STLHE > Awards > 3M National Student Fellowship > 2012 > 2012 3M National Student Fellows

2012 3M National Student Fellows

Cameron Bell
3rd Year, Arts—Environmental Studies
University of Northern British Columbia

The foundation of Cam’s leadership skills came from his experience in Katimavik, Canada’s national youth volunteer service program. Within his first week at UNBC in Prince George, moving from his hometown of Barrie, Ontario, he volunteered for a leadership role as a floor representative for Residence Council.

He works towards a sustainable campus as a member and past President of Students for a Green University (SGU) where his leadership and dedication have led to the construction of a Geodesic Dome Greenhouse on campus this summer. As Associate Director of Campus Sustainability on the Northern Undergraduate Student Society, Cam represents students and contributes to projects like the University Farmers’ Market. He is active in goBEYOND, promoting sustainability education in post-secondary institutions in British Columbia. Roles in a musical band and Bike to Work Week add to the story of this exceptional young man.

Cam is someone who doesn’t wait for invitations to get involved. Rather, he sees opportunities and seizes them. He “lives his leadership,” leading by example and as a leader of people, a leader in ideas, and a leader of, and for, the future.

Selena Demenoff
3rd Year, Health Sciences—Biomedical Studies
University of Northern British Columbia

A model “people person”, Selena makes a case for a culturally inclusive teaching and learning environment and is a strong advocate of peace and empowering our youth. Her transformative experiences are also rooted in her work with communities and to make her environment better. Her leadership experiences stem from her work with early childhood development initiatives. She has volunteered in both her hometown of Grand Forks, British Columbia, and Prince George. Examples include Respectful Relationships, Restorative Justice (for which Selena is a founding member), Prince George Native Friendship Centre and local Metis Associations.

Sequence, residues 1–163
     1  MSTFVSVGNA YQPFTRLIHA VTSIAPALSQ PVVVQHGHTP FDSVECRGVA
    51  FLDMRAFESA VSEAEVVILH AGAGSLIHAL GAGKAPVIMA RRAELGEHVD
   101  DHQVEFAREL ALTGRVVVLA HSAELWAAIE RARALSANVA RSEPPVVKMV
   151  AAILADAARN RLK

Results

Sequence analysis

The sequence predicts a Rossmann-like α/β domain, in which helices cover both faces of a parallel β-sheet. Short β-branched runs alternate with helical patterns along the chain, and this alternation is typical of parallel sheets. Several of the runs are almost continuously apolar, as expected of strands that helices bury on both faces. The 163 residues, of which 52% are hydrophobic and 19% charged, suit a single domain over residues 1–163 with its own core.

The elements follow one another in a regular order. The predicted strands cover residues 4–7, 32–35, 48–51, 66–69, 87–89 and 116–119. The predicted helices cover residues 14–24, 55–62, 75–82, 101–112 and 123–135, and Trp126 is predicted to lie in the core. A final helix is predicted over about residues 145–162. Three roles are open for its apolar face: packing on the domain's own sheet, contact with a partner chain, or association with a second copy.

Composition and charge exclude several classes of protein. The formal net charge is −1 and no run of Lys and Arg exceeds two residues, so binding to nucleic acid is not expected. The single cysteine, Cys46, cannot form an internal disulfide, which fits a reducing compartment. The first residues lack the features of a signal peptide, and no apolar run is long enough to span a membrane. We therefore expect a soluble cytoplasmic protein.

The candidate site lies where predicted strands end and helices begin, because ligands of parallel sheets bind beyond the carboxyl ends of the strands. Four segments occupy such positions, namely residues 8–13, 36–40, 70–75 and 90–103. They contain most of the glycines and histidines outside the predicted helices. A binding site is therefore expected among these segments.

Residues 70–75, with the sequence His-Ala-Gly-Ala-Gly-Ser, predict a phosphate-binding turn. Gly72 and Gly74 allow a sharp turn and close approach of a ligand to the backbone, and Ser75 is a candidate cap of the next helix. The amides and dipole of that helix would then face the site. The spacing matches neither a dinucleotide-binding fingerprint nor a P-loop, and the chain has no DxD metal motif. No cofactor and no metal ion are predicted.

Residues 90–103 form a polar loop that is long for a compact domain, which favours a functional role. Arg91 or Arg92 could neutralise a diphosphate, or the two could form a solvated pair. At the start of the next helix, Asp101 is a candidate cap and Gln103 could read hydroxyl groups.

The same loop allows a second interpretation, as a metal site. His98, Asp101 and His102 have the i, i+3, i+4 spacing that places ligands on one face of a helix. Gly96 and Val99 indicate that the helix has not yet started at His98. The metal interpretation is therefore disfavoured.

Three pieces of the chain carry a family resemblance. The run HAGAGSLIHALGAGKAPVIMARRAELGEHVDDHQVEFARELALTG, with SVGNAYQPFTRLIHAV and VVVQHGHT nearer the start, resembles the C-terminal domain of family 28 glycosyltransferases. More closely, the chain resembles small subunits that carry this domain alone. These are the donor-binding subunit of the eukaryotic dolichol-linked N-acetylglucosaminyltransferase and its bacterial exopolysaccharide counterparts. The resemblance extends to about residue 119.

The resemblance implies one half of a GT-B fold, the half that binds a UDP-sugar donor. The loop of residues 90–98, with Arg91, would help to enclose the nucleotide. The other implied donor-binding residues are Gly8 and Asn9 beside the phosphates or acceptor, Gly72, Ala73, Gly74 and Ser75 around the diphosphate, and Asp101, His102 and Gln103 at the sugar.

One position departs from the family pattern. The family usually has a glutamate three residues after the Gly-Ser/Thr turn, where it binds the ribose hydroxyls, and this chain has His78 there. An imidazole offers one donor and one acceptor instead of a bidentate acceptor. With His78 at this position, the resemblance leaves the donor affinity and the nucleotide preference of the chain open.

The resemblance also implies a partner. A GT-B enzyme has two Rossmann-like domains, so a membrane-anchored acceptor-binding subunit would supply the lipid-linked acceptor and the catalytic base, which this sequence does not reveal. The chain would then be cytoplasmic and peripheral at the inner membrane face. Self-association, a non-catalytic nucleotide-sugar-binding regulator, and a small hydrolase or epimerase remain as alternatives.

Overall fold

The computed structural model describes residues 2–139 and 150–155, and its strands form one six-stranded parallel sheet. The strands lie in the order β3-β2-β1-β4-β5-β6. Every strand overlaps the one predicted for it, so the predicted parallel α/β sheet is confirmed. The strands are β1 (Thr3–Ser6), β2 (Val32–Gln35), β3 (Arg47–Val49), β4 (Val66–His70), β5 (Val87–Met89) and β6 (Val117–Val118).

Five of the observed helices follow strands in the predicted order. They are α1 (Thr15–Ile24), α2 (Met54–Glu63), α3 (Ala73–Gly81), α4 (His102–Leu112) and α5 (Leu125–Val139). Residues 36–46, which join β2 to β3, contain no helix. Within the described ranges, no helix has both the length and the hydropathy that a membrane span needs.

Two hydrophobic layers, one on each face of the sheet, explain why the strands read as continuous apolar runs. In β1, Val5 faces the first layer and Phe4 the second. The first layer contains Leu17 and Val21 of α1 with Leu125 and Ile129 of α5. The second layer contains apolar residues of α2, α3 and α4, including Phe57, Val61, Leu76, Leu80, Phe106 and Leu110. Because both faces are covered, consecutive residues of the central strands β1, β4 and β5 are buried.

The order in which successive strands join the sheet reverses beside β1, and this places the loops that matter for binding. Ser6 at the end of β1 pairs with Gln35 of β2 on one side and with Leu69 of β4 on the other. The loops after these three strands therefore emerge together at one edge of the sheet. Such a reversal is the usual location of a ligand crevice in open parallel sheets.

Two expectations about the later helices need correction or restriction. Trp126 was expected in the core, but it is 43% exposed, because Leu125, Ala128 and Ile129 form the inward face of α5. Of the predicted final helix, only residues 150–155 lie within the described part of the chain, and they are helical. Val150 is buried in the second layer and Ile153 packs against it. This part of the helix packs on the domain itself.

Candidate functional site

In the health promotion community projects, OPTions for Sexual Health and Boundary Family Centres, Selena works to meet the needs of people who deserve health education and awareness as a right, not a privilege. Volunteering with the Northern Health Authority in Prince George, Selena’s work has included environmental hydrology and toxicology assessment, drinking water public outreach, and commercial health promotion. Recognizing the parallelisms between leadership and education, this young woman strives to reciprocate educational experiences to leadership and vice versa.

Pascal Genest-Richard
3rd Year, Bioresource Engineering
McGill University

From the youngest age, Pascal has been striving to make things move forward. A successful athlete and coach, he has also volunteered at a microbrewery in Ireland, an organic farm in Chile, and, as a volunteer consultant in agribusiness management helped to organize a Youth Leadership Conference gathering over 80 students from high schools in Ghana. An active member of McGill’s Music Club, Pascal qualified for three consecutive Quebec Engineering competitions, and was elected to be the student representative to the Faculty Environmental Committee. He speaks passionately about Engineers Without Borders (EWB), a non-governmental organization (NGO) with student chapters across the country, focusing on poverty issues as well as the actions to be taken both in Africa and in Canada to tackle the root causes of the problem. He has been instrumental in the creation of a bilingualism team within the NGO to institutionalize the translation of documents into both of Canada’s official languages.